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Taxpayer Advocate’s Solution to Scandal

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National Taxpayer Advocate Nina Olson issued her required mid-year report to Congress on Wednesday and fleshed out one policy prescription that might head off any future scandal involving the Internal Revenue Service’s efforts to determine which quasi-political groups deserve tax-exempt status.

In addition to her perennial pleas for greater funding is a separate "special report." Here Olson reiterated her call for enactment of a Taxpayer Bill of Rights, noting that if her version were in force, eight of its 10 tenets were violated by the delayed and improper screening of applications.

She then repeated what policy wonks have heard from lawmakers looking into how the IRS Exempt Organizations division came to single out mostly conservative nonprofit groups for extra scrutiny in their applications. In a nutshell, the IRS lacks a clear criteria for making the calls, both in the law and in regulations going back to the 1950s.

Section 501(c)(4) of the tax code provides that an organization may qualify for tax-exempt status if it is “operated exclusively for the promotion of social welfare,” Olson notes. Treasury regulations provide that an “organization is operated exclusively for the promotion of social welfare if it is primarily engaged in promoting in some way the common good and general welfare of the people of the community.”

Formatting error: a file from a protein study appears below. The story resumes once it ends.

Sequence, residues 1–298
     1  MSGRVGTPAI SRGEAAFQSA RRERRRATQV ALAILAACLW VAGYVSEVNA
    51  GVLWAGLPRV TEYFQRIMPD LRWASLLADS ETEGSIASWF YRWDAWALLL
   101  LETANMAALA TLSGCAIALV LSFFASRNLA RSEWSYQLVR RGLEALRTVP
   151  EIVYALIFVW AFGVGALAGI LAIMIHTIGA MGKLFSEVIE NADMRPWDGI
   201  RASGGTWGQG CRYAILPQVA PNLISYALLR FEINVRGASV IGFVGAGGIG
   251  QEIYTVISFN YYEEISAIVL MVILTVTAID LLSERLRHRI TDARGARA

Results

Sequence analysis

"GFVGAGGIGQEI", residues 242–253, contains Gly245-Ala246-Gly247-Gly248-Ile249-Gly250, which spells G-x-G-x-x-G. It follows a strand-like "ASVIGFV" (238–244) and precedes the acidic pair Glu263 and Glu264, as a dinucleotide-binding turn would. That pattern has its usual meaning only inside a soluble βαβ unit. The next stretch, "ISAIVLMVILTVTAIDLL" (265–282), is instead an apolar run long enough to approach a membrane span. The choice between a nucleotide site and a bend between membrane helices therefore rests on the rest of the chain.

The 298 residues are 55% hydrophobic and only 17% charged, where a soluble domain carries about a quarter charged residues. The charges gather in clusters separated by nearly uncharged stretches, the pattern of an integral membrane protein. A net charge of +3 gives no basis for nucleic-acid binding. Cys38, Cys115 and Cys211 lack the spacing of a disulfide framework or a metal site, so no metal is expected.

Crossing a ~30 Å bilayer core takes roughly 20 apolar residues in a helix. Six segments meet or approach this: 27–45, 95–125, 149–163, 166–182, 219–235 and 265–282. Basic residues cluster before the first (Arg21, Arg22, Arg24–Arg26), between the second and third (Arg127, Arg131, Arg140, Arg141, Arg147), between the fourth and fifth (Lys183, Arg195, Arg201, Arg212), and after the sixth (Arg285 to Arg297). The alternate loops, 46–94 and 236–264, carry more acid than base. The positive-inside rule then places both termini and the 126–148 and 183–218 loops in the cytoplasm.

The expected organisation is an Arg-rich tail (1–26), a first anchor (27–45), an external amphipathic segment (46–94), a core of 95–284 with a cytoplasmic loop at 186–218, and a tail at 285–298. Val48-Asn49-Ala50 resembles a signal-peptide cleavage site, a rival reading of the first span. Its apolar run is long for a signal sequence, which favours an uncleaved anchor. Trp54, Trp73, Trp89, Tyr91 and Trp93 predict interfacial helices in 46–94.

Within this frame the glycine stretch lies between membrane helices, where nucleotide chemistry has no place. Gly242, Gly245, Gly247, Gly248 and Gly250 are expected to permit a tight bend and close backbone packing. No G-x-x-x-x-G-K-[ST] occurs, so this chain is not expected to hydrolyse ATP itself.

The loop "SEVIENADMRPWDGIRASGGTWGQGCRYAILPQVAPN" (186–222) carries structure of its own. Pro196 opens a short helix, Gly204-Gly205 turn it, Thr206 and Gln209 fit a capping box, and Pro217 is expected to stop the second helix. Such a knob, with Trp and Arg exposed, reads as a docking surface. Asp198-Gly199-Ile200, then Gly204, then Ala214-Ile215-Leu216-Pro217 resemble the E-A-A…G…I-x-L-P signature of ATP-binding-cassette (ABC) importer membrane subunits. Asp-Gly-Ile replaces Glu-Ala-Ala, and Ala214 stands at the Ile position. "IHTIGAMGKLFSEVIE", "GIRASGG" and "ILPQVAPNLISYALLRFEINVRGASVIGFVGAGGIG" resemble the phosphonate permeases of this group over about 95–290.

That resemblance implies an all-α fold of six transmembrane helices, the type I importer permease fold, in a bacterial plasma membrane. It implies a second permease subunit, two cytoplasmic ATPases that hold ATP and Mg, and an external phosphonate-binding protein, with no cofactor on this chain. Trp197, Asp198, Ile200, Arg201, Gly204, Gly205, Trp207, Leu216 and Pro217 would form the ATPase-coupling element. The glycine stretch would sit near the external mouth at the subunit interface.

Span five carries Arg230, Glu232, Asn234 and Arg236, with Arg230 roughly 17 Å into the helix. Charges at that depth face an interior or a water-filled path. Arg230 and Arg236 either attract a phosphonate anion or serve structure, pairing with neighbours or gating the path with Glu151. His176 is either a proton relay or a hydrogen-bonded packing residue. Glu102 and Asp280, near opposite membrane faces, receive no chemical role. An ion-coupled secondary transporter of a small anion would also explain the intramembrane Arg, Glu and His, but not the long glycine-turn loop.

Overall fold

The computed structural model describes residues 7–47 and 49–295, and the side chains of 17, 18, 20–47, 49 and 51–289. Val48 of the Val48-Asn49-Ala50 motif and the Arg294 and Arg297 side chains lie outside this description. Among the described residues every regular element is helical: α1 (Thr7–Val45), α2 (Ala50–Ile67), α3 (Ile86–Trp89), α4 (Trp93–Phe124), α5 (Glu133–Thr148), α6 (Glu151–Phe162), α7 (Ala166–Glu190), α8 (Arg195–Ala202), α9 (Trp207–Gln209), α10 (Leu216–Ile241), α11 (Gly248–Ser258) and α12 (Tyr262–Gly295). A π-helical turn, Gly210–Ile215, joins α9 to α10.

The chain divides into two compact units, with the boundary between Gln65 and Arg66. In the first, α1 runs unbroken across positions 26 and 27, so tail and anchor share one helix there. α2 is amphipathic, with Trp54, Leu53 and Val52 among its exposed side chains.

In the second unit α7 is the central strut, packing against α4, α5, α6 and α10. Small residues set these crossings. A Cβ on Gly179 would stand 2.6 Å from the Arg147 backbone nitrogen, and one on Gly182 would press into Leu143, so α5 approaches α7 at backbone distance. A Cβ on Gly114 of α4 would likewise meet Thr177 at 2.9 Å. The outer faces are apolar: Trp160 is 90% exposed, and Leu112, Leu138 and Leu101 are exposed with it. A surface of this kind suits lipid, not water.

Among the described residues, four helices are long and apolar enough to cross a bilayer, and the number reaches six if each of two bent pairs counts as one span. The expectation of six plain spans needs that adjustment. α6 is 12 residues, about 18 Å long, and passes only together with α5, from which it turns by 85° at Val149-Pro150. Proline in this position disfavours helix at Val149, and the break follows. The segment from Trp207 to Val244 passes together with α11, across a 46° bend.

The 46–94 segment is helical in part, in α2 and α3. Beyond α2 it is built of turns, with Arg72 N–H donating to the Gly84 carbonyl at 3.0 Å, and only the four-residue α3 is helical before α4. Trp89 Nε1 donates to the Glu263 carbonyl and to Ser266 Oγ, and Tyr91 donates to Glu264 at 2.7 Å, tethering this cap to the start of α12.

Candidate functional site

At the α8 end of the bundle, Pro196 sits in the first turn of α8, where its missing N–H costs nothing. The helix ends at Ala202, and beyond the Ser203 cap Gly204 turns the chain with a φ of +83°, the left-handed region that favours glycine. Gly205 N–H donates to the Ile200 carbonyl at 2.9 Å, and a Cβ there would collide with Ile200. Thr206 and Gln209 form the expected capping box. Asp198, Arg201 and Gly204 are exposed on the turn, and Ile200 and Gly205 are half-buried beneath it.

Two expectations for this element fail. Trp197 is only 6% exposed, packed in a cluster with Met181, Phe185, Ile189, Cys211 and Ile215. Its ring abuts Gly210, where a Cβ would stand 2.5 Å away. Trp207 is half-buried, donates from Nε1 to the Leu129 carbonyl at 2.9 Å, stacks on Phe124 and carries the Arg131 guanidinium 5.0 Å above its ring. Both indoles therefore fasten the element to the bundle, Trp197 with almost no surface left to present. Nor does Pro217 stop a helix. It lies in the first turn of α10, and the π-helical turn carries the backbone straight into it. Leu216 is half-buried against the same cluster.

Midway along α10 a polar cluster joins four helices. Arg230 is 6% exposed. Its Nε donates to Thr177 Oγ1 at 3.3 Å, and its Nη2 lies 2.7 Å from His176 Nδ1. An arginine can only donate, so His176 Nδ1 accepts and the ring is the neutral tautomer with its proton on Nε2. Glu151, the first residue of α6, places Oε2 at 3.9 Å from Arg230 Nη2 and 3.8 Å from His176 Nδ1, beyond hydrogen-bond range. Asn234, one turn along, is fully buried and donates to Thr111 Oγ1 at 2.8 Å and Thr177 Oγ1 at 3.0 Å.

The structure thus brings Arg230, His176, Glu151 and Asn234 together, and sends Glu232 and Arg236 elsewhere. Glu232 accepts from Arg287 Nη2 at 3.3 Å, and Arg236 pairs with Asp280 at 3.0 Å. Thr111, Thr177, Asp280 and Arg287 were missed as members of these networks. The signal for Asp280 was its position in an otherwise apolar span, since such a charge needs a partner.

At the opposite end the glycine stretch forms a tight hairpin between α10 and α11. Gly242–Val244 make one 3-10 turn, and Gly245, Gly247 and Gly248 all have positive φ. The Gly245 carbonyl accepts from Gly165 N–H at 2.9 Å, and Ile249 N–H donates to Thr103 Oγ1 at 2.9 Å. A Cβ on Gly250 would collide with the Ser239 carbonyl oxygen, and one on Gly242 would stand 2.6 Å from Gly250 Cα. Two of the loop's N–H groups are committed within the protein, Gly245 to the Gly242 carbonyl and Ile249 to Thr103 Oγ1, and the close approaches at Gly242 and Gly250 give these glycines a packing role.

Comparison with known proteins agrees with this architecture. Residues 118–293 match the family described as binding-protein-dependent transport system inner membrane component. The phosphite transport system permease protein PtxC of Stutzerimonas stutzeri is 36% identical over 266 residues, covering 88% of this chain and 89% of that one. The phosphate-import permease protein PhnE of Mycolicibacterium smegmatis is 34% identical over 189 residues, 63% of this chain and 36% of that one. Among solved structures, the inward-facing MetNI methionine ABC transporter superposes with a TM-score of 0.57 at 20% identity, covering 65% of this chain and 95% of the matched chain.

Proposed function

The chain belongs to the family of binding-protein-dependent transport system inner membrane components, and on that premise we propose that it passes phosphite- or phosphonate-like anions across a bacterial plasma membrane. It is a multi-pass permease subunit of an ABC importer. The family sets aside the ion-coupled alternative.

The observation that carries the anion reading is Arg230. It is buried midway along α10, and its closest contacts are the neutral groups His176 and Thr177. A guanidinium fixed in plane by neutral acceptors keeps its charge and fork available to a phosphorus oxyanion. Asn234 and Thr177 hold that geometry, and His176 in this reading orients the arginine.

Leaving aside the question of how “exclusively” came to be defined as “primarily” (which is viewed by some commentators as merely 51 percent), the report says, there is very little guidance to guide IRS employees in determining whether an organization is operating “primarily” for social welfare purposes or what level of political campaign activity is permissible, she said. Among the open questions for Congress or the Treasury Department are the following:

  • Is there a fixed percentage that should be used to measure whether an entity is “primarily” engaged in social welfare activities (e.g., 51 percent)?
  • What factor or factors are controlling? In seeking to measure whether an entity is “primarily” engaged in social welfare activities, one could focus on the percentage of the entity’s expenditures, the percentage of the entity’s time, the percentage of the entity’s email blasts or advertisements or other factors.
  • If the IRS considers multiple factors, should all factors receive equal weight, and if not, how should the relative weighting be determined?

Makes one yearn to work for the IRS.

Charlie Clark joined Government Executive in the fall of 2009. He has been on staff at The Washington Post, Congressional Quarterly, National Journal, Time-Life Books, Tax Analysts, the Association of Governing Boards of Universities and Colleges, and the National Center on Education and the Economy. He has written or edited online news, daily news stories, long features, wire copy, magazines, books and organizational media strategies.

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